Leading your MSP Team to Success – (Part 3)

In Part 1 and Part 2 of this series on leadership in the MSP environment, I talked about some characteristics that define a strong leader, the components of a team effort and how a leader puts those building blocks together to move the whole team toward success. In Parts 3 and 4, we’re going to drill down into specific leadership skills and techniques that you can use to keep your MSP team on track.

The leadership skill set

A good leader utilizes many of the same skills developed on the way to a leadership position. Logically, most of the most important can be broadly classified as “people skills” – but in the leadership role, you not only have to master the art of getting along with others, but also the ability to help others get along with one another and get team members – who may come from diverse backgrounds and have vastly different ideas, priorities and ways of doing things – to work together toward the company’s common goals and objectives.  Here are some of the most important skills for a good leader to have:

  • Listening skills: A good leader cares about what other team members think, and doesn’t just allow but actively solicits their input. Leaders listen to suggestions and even criticisms without emotional reaction. They don’t cut people off or casually dismiss others’ concerns. They encourage team members to “think outside the box” and offer ideas that might be unconventional. They make it a point to foster creativity and innovation and they give genuine consideration to others’ ideas and incorporate parts of them into the overall plan.
  • Questioning skills: Good leaders ask good questions. They don’t interrogate; they question in such a way as to get people thinking and draw out their thought processes as well as their conclusions. They use open-ended questions (rather than yes/no interrogatories) to discover not just what team members think, but why they think it.
  • Dependability: Good leaders create a “safe” environment, and can be depended upon to respond reasonably and promptly to team members’ concerns and suggestions. Team members don’t have to walk on egghells around them, wondering whether today is a “good day” to approach the leader. Leaders can be depended upon to follow through; they do what they say they’re going to do and they get back to you when they say they will; they don’t leave team members hanging. Which leads into to:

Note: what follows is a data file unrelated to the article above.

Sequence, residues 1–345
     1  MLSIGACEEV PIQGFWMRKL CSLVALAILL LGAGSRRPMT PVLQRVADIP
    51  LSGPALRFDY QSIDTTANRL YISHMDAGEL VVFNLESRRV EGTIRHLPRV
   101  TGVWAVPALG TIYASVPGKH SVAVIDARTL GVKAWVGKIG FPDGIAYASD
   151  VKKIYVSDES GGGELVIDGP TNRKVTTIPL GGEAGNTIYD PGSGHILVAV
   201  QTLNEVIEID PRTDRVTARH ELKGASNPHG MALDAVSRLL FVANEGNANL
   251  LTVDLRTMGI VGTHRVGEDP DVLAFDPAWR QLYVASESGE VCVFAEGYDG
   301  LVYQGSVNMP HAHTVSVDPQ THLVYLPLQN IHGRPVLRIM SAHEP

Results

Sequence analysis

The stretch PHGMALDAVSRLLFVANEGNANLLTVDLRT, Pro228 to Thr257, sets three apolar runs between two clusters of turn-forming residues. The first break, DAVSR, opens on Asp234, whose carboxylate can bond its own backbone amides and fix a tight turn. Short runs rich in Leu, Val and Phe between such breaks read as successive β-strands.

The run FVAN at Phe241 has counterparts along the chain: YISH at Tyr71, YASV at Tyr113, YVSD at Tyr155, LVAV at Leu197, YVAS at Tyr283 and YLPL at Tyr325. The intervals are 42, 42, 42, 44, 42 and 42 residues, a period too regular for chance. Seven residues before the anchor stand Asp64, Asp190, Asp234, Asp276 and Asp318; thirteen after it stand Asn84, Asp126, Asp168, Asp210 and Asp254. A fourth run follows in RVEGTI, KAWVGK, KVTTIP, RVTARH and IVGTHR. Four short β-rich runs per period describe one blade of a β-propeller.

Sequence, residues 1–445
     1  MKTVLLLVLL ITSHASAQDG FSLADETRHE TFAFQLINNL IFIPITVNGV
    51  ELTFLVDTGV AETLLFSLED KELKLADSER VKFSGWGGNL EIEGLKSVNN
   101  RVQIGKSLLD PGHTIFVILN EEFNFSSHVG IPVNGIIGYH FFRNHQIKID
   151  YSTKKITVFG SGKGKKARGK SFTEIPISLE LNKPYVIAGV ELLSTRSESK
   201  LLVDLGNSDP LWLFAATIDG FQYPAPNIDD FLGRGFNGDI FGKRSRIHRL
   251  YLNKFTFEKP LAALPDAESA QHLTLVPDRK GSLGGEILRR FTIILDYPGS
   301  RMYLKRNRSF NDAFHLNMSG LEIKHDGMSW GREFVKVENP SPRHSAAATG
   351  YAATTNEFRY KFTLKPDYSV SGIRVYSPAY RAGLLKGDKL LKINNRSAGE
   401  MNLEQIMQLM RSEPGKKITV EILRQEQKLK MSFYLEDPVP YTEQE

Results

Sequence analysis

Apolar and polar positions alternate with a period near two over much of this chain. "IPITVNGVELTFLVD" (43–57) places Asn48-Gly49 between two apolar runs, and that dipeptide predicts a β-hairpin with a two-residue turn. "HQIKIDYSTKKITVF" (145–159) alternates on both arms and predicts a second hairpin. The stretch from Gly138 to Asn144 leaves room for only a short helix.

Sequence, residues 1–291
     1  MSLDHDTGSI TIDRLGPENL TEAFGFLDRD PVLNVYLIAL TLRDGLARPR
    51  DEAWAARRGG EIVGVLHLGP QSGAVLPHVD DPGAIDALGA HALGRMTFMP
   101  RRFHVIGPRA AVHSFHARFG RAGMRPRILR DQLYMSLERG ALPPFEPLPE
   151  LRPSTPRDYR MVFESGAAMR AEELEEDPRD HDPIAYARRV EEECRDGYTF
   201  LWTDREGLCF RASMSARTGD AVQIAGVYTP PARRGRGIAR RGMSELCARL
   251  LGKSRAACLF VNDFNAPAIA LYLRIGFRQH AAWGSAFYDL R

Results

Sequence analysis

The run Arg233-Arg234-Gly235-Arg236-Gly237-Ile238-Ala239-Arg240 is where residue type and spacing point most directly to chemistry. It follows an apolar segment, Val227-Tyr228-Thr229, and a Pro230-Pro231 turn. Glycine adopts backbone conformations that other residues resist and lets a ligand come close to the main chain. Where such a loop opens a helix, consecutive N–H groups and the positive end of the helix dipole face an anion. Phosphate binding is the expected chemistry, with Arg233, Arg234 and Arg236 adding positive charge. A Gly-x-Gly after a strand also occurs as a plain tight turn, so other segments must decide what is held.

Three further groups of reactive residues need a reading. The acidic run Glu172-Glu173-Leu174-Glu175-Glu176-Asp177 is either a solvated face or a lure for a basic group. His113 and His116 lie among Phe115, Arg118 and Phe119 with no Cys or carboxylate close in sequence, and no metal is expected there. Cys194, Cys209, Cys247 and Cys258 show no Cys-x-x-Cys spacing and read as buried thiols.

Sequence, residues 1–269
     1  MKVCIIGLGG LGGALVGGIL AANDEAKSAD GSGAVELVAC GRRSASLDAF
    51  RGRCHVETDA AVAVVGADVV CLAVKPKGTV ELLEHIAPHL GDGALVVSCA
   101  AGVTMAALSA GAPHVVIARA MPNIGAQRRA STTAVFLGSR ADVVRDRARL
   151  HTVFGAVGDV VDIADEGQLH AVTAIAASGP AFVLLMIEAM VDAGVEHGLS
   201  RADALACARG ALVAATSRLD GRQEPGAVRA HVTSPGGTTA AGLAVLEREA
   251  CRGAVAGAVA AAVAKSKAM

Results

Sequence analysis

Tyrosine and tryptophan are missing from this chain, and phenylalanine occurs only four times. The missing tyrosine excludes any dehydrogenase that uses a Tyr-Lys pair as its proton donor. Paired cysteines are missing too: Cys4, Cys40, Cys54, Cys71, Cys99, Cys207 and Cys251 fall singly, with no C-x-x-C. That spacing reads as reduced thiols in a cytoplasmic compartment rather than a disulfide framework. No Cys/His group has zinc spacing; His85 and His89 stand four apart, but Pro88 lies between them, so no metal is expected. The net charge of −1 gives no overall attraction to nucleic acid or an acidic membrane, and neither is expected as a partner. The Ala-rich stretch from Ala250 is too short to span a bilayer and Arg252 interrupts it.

• Decisiveness: Good leaders aren’t afraid to make decisions. They don’t hide behind the excuse that they “don’t have the authority” or blame those above them for their lack of action. They’re open to hearing new information and changing their minds if they make a wrong decision, but they don’t go back and forth, saying yes and then no and then yes again, leaving team members uncertain and unable to confidently proceed because they’re afraid today’s course of action will be reversed tomorrow. Good leaders are confident in their own abilities and inspire confidence from others.
  • Trust: Good leaders also have and express confidence in the abilities of their team members. If members are lacking in skills or knowledge, they help them to get to where they need to be to do the job. They don’t belittle others with sarcasm or criticize others in front of the rest of the team. They don’t micromanage; when they give others tasks to do, they trust them to complete those tasks unless/until that trust is proven to be misplaced. They assume the best, not the worst, about others’ motives and actions. Most people tend to live up to (or down to) your opinions of them. They don’t, however, allow any team member to sabotage the team effort. The rest of the team can trust them to address “problem children” head-on (in private) and not tolerate bullying, dishonesty or unfair tactics that interfere with the smooth operation of the team.
  • Humanity: Good leaders exercise their authority when necessary, but they don’t lord it over others. They treat others as equally valuable members of the team. They don’t pretend to be perfect; they’re willing to let others see their human side. They laugh (or cry) with the team when it’s appropriate; they have a sense of humor and can laugh at themselves (but never make fun of others).

In Part 4, we’ll continue this discussion with a look at the top techniques that used by effective leaders, which grow out of these skills.

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